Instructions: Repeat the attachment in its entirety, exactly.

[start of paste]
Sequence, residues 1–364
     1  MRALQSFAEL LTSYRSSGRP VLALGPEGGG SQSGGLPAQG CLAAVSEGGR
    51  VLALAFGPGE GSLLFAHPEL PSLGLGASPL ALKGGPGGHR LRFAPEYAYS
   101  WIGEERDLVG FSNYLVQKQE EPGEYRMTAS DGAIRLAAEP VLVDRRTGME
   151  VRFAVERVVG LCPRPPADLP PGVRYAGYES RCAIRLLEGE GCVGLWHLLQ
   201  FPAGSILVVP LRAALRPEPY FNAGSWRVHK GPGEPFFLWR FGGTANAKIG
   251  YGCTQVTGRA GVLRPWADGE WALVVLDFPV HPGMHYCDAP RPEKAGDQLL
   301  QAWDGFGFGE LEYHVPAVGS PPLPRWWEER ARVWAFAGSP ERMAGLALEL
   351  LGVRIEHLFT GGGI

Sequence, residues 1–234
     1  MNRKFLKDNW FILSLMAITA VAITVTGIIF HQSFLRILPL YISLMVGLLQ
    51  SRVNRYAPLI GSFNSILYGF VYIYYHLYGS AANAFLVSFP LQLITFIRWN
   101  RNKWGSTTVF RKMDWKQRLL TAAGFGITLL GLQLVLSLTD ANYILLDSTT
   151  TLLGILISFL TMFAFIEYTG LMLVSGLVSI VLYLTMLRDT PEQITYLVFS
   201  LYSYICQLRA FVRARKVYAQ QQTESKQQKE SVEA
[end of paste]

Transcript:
Sequence, residues 1–364
     1  MRALQSFAEL LTSYRSSGRP VLALGPEGGG SQSGGLPAQG CLAAVSEGGR
    51  VLALAFGPGE GSLLFAHPEL PSLGLGASPL ALKGGPGGHR LRFAPEYAYS
   101  WIGEERDLVG FSNYLVQKQE EPGEYRMTAS DGAIRLAAEP VLVDRRTGME
   151  VRFAVERVVG LCPRPPADLP PGVRYAGYES RCAIRLLEGE GCVGLWHLLQ
   201  FPAGSILVVP LRAALRPEPY FNAGSWRVHK GPGEPFFLWR FGGTANAKIG
   251  YGCTQVTGRA GVLRPWADGE WALVVLDFPV HPGMHYCDAP RPEKAGDQLL
   301  QAWDGFGFGE LEYHVPAVGS PPLPRWWEER ARVWAFAGSP ERMAGLALEL
   351  LGVRIEHLFT GGGI

Sequence, residues 1–234
     1  MNRKFLKDNW FILSLMAITA VAITVTGIIF HQSFLRILPL YISLMVGLLQ
    51  SRVNRYAPLI GSFNSILYGF VYIYYHLYGS AANAFLVSFP LQLITFIRWN
   101  RNKWGSTTVF RKMDWKQRLL TAAGFGITLL GLQLVLSLTD ANYILLDSTT
   151  TLLGILISFL TMFAFIEYTG LMLVSGLVSI VLYLTMLRDT PEQITYLVFS
   201  LYSYICQLRA FVRARKVYAQ QQTESKQQKE SVEA